• Rural policies should not impair the ability of land managers to receive price signals clearly from the markets, nor restrict their ability to respond appropriately

5. New markets and new opportunities will arise: Too often the emphasis is placed on the risks of change rather than the opportunities presented. New markets for food, fuels, fibres, and pharmaceuticals will arise and need to be identified and accommodated as quickly as possible, while a more sophisticated view needs to be taken of the issues surrounding biotechnologies.

Markets have not developed for many of the environmental goods and services that are now increasingly in demand by the public. As a result many of these have been under-supplied by land managers, and governments have sought to introduce programmes of counter-measures, including regulation. All too often such programmes are inefficient uses of public funds, inconsistent with the range of other pressures on land-based businesses, and increasingly resisted rather than embraced by land managers.

Currently farmers receive significant sums of public money, for which a growing reporting obligation and interference by government in their land management practices and decisions appear to be the quid pro quo. The reduction, wherever possible, of such interference is important if private enterprise is to respond appropriately and efficiently to issues as they arise.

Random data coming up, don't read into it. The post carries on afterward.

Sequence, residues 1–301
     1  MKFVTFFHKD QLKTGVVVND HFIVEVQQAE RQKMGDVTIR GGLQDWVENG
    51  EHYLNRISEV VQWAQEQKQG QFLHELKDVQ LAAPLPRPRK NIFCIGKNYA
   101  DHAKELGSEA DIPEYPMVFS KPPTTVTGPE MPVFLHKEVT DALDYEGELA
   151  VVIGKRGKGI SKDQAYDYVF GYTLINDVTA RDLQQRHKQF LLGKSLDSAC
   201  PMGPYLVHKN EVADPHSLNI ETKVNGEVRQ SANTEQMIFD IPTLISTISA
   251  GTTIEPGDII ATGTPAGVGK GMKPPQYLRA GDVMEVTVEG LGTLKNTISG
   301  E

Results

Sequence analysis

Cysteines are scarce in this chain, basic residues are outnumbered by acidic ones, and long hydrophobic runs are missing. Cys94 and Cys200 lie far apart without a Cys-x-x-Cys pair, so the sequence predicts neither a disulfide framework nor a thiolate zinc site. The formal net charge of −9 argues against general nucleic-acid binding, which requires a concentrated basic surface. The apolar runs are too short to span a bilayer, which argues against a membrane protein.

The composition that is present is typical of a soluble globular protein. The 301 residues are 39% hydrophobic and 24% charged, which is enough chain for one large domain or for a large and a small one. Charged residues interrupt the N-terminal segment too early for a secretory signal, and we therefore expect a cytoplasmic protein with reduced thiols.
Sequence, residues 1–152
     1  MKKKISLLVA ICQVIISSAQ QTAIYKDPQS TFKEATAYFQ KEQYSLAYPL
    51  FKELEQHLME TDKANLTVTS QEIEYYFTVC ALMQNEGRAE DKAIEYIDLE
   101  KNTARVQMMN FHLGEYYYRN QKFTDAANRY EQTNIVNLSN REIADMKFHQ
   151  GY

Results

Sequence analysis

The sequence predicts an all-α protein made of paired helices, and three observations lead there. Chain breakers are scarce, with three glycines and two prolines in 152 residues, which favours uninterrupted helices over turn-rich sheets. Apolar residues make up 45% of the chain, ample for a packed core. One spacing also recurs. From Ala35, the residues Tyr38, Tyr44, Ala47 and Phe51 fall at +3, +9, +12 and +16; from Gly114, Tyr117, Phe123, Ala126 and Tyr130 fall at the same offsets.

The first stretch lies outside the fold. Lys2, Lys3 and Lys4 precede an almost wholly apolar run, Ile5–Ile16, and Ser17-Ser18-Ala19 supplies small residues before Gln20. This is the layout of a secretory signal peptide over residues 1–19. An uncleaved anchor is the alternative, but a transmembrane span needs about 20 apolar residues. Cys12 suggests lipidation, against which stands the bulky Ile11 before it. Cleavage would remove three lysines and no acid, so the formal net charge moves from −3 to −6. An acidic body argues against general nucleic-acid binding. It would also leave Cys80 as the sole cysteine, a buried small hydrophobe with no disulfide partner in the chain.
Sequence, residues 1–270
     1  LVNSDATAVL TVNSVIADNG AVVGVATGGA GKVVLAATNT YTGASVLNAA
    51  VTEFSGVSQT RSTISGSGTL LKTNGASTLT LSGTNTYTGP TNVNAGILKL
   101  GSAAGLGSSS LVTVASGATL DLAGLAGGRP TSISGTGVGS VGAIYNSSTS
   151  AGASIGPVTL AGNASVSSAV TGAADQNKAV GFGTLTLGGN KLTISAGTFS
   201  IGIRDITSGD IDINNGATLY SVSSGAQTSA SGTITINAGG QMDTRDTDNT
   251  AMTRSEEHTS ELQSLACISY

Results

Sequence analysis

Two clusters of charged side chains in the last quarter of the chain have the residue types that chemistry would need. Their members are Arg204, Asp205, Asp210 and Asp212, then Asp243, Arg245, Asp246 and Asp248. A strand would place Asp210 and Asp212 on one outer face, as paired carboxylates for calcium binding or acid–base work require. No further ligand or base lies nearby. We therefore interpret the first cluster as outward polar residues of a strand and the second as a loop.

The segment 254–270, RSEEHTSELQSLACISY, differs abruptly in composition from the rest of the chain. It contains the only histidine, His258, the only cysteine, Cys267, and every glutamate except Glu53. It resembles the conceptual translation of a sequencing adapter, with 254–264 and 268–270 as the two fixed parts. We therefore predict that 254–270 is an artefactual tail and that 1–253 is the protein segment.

With the development of environmental markets, solutions to a growing range of environmental problems can be delivered without the need for heavy-handed government involvement or public funds. These include
• water quality,
• flood damage mitigation,
• natural habitat provision and species protection,
• carbon management.

A wide range of positive environmental outcomes can be provided by markets if the right conditions are brought about. There is no reason for the government to be responsible for delivering goods or services that the market can deliver. By the use of markets, the private sector can deliver things previously delivered by the government, thereby reducing the direct participation of the government in land management and providing important new business opportunities for land managers.

To enable markets to deliver these new public demands certain conditions must be brought about.
• Definition and stability of the desired outcomes is critical. It is important that the environmental goods or services demanded are closely defined.
• Property rights to the land resources must be recognised and enforced.
• Effective demand for the environmental outcomes must be introduced. This can be done by establishing caps and/or floors on externalities, as with carbon markets.